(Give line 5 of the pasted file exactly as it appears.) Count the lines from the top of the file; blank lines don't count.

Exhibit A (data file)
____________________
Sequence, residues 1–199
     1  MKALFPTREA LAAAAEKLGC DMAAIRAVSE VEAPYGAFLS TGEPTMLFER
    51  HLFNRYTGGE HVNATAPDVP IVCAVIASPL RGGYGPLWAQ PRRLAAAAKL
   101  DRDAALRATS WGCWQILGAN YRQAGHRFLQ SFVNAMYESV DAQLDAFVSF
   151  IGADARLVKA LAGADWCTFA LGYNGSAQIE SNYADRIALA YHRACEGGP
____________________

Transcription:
   151  IGADARLVKA LAGADWCTFA LGYNGSAQIE SNYADRIALA YHRACEGGP